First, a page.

Smith is no spaced out weekend tripper. He effectively documents the modern age of the entheogens by describing the mid-century efforts of Aldous Huxley (The Doors of Perception), Albert Hofmann (the inventor of LSD), and tune-in, turn-on, drop-out Timothy Leary. You can see how things went wrong in the latter sixties, especially after LSD and other zeitgeist challenging drugs were criminalized. Not that Smith advocates downing these substances like candy. Far from it. These drugs deserve respect, and they had respect in the societies that used them many years ago. The hard reality is that these drugs are political. Look around you. It's not a happy place we live in right now, in spite of what your net income may have been last year. The planet is heating up, with drastic consequences soon to be evident. There is an asymptotic concentration of power in the hands of a very few. The most powerful nation on earth (indeed in history) is becoming increasingly erratic and warlike, and teeters on the edge of a catastrophic economic collapse. The sick world economic arrangement encourages huge population centres like India and China to ape the behaviour of the United States. The media that might help people to figure things out have been bought and co-opted by the powers that wish the status quo to continue. If you have any gnostic leanings at all, it's hard not to believe that the Archons are firmly in power. These drugs, the entheogens, allow you to cut through the smoke, the propaganda, the confusion, the maya, to let you see what really is. They offer hope that you are part of a mysterious, fundamentally wonderful and positive universe and that things will be alright. So, to the powers that be, they are dangerous, and thus illegal. Just read some of the testimonials and the experiences in this book. They have the ring of truth to them. Not that Smith is advocating entheogens as a quick escalator to the divine. No, he makes it clear that, although certain drugs can shake up your world view and make you question where your life is going, and make you aware of another, better plane of existence, it's how you live the rest of your life that matters. A drug may point out your destination on the map, but you still have to work to get there.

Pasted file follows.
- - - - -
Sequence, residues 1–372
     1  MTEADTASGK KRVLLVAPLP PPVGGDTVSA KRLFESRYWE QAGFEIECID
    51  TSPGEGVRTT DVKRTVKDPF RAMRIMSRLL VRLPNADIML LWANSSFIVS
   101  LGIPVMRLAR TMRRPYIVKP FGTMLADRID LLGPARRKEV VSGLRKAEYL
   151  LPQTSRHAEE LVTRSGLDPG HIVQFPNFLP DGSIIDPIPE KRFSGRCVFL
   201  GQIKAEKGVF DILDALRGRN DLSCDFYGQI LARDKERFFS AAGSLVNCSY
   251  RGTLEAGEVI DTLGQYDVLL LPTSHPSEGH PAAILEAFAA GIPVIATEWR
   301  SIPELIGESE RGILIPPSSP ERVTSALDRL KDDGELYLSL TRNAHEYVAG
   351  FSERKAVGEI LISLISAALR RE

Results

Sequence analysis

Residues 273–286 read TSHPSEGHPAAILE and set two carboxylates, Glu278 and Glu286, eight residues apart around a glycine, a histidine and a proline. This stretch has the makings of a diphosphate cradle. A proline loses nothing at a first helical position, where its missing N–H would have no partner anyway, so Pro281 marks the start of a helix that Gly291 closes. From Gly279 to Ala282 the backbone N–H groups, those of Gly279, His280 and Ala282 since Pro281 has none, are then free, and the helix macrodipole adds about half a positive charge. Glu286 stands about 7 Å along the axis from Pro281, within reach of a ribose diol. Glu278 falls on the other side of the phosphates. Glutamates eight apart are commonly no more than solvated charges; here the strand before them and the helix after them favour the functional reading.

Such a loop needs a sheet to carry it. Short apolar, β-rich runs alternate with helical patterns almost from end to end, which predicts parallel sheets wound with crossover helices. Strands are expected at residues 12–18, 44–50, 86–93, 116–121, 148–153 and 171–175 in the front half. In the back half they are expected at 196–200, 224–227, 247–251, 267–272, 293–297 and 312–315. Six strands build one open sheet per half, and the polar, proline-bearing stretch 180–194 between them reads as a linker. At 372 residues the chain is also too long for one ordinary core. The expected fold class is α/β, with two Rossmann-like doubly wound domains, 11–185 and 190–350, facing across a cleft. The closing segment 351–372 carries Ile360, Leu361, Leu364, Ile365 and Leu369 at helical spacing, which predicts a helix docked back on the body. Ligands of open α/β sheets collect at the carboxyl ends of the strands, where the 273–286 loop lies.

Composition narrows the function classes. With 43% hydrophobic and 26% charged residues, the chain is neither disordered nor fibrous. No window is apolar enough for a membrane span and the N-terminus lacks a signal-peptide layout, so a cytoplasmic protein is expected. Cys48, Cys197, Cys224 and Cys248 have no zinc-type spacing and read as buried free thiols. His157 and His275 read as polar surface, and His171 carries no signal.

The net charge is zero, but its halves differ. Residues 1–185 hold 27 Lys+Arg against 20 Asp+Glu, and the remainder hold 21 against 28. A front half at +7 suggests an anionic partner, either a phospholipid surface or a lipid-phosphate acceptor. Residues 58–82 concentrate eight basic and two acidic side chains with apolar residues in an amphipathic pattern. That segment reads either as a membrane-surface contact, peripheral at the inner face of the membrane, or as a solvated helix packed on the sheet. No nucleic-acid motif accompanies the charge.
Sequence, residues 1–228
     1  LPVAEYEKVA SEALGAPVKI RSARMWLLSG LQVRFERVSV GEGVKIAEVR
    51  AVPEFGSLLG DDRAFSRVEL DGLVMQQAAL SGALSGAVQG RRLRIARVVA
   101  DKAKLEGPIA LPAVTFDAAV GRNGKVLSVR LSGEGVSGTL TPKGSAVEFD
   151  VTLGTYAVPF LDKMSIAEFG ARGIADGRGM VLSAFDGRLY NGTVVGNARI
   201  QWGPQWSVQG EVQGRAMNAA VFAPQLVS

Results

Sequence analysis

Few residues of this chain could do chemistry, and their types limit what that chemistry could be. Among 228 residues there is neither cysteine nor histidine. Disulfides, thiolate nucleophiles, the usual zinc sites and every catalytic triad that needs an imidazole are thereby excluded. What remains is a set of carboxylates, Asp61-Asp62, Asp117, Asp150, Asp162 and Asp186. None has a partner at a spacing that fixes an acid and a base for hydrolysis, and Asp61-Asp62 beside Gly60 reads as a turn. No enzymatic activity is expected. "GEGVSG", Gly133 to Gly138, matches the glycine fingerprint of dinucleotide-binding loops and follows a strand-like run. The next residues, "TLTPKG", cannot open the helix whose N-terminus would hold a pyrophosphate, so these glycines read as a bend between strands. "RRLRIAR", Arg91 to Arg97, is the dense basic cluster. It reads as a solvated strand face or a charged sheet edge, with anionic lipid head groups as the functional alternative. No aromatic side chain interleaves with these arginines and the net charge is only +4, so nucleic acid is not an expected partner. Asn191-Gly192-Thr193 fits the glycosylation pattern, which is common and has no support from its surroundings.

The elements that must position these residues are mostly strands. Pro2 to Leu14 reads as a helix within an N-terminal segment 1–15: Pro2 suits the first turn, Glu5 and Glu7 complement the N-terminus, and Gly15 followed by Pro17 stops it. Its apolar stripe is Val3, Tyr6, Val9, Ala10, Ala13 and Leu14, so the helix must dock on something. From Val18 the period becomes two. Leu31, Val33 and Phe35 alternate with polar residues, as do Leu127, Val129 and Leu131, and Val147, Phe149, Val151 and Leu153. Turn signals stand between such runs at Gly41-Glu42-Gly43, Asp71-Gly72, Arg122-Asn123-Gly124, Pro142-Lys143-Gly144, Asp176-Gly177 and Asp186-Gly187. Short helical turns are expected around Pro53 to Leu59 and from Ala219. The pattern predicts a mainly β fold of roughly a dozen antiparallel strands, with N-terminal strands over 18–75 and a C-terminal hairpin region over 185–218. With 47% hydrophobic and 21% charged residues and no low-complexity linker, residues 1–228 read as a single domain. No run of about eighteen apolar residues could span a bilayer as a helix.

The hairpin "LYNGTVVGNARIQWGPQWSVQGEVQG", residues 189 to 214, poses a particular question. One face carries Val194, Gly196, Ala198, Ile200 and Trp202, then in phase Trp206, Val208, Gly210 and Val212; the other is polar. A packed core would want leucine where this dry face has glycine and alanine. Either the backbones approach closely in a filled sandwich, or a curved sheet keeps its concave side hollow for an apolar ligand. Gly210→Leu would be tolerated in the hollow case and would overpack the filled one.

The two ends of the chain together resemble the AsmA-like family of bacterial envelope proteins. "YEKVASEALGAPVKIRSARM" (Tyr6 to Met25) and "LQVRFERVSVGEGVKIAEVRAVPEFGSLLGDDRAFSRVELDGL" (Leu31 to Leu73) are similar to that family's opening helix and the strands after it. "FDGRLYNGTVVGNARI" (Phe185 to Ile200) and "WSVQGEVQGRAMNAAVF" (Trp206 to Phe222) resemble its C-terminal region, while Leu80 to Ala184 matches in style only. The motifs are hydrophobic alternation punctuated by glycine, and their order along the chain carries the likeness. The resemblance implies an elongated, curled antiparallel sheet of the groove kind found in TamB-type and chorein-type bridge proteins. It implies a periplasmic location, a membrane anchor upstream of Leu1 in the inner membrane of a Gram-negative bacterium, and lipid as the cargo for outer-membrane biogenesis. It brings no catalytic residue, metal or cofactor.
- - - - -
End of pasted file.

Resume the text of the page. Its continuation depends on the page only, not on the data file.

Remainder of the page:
The case of Soma, an early pillar of the Hindu religion, is interesting. Smith speculates that the secret of Soma may have been intentionally 'lost' by Hindu religious leaders about 3000 years ago because use of Soma had gotten out of control (much as hallucinogen use did in the 1960s). A more likely scenario, in my view, is that Soma was suppressed by a religious elite because it represented a threat to their power. With increasing institutionalization comes increasing repression, because powerful people then have a lot to lose. If you ingest an entheogen, you see your own version of reality, unreality, or whatever. You don't have to take what your priest says or what you read in a sanctioned text to be the final word. The power structure thus loses the ability to define reality.

Some quibbles. The title (Cleansing the Doors of Perception) implies (at least to me) that a seeker will find ways or even methods within to raise their consciousness or make progress towards enlightenment, but this book is more of a starting point in that regard, not a primer. It might be better titled Concerning the Doors of Perception. Also, I found Smith at times to be gratingly deistic. I react to the over-use of the term 'God'. That word is too restricting and has too much negative baggage to be useful in such a discussion. Smith also at times comes across as somewhat credulous. Anecdotes are not necessarily persuasive evidence of paranormal phenomena such as telepathy or precognition. If these phenomena are real and many people have the capacity to demonstrate them, let them be tested scientifically like any other legitimate phenomena. Of course, when they are tested the results do not materialize. (Their supporters call this the 'shyness' effect.) But the above are only minor annoyances and do not take away from the value of this wonderful book.